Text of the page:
7 Thousand Years of Cheeses and Dairy Pastures in Sahara Desert

7 Thousand Years of Cheeses and Dairy Pastures in Sahara Desert 2

The Archaeological Mission in the Sahara Sapienza of Rome, in collaboration with the University of Bristol, has won the cover of Nature with the discovery of the oldest traces of milk processing in the fragments of a vase of Neolithic site in Libya Takarkori.

They brought the animals to pasture, milked the cows and they were great eaters of yogurt, cheese and butter. These are the pastors of the African Neolithic, who lived in the Sahara desert and that as early as 5200 BC and worked for cow’s milk derivatives. The study, conducted by researchers at the archaeological mission in the Sahara of Wisdom, in collaboration with the University of Bristol, has earned the cover in Nature , one of the most influential scientific journals. 

IMAGES Through chemical analysis and carbon radiation -14, and Savino di Stefano Biagetti Lernia, for the University of Rome, with Julie Dunne and Richard Evershed, from Great Britain, have analyzed the residues on the fragments of a vase found in the Neolithic village of Takarcori, in southwestern Libya. Thus, I finally managed to date the oldest African trial of the use and processing of milk in the farming community of Tadrart Acacus, southern region of Fezzan, amply documented in the rock art of the area.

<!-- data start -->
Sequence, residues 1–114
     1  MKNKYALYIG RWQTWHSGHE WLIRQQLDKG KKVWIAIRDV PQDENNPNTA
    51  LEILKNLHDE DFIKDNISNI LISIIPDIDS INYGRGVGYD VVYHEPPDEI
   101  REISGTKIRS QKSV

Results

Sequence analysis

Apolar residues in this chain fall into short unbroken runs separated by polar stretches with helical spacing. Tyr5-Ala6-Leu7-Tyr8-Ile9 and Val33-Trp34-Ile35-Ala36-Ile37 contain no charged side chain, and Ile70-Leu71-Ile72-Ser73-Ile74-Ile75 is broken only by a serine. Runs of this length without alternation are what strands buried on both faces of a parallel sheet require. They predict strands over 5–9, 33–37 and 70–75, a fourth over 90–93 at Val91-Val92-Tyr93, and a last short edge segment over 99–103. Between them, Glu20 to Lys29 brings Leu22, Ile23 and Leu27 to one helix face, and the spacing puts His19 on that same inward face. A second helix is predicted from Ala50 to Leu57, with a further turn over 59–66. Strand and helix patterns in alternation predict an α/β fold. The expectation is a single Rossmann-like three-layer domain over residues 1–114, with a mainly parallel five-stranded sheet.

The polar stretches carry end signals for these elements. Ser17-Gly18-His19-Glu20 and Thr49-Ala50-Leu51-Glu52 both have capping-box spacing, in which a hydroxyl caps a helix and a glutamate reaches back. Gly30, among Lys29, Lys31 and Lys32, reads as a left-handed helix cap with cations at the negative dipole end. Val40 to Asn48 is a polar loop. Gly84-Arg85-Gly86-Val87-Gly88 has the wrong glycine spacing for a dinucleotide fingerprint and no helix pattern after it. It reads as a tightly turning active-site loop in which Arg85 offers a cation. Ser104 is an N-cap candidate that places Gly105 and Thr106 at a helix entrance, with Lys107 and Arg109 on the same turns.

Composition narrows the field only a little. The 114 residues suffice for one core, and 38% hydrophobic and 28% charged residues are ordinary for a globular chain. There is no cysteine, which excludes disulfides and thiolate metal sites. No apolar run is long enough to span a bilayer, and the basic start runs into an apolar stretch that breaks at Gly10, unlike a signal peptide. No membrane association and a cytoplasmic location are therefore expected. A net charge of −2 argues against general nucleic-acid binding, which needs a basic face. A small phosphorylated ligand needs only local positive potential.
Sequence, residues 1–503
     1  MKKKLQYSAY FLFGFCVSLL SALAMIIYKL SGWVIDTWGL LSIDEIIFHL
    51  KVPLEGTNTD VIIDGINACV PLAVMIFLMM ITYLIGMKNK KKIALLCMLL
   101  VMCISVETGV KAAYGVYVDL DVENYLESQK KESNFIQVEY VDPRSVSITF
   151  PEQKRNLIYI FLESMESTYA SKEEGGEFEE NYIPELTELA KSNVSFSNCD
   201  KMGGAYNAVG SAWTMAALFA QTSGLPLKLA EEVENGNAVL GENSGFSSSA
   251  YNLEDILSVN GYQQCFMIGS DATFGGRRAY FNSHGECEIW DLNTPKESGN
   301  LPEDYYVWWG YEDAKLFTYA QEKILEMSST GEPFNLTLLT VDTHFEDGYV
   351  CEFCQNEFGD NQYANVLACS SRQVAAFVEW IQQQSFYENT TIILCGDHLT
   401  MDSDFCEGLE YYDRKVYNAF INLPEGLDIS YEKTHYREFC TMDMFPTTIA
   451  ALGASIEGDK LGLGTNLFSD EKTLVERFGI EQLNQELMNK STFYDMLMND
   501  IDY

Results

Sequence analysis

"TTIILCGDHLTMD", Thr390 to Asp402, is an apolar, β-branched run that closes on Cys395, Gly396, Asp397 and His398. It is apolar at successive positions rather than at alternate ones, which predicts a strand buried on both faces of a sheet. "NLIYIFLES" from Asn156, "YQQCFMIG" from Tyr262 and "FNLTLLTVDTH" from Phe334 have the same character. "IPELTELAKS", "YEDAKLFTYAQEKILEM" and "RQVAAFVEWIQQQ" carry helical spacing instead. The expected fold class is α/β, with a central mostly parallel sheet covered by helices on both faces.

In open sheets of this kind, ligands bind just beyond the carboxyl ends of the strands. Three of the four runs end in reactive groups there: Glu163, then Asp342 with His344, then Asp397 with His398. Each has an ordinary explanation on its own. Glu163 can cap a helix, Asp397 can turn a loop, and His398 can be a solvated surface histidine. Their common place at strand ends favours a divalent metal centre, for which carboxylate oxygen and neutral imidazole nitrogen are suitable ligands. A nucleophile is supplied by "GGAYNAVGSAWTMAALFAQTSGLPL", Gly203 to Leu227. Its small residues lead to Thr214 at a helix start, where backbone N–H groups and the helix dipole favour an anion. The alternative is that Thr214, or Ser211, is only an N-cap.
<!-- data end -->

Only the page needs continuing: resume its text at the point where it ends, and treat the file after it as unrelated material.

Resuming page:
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The African pastors used, then the ceramic containers to cook the milk and get butter, yogurt or cheese, which they could consume in spite of their lactose intolerance. 

This is an important research field not only the result of networking between Italy and Great Britain, who handled the chemical analyzes, but also with the Libyans and Tuaregs on the site, “says Savino of Lernia, director of the Mission, one of the oldest in Libya.But the credit – he continues – also go to research assistants who have worked hard, providing intelligence to their passion, and little money.”

The discovery, together with the analysis of remains of camps, funerary monuments and murals , has ethnographic and anthropological implications, because it provides additional information about their daily lives and their habits. 

It is a precious item in order to understand this civilization and the role of pastoralism in Africa, a continent where it is still one of the principal means of livelihood.

 “It was a sophisticated civilization – a continuous Lernia – a social organization with a definite and profound conoscienza resources and what they could obtain and consume”. 

A population that had reached a high social and economic development, as evidenced by the rock images, depicting movement, ceremonies, and milking of cattle herds.

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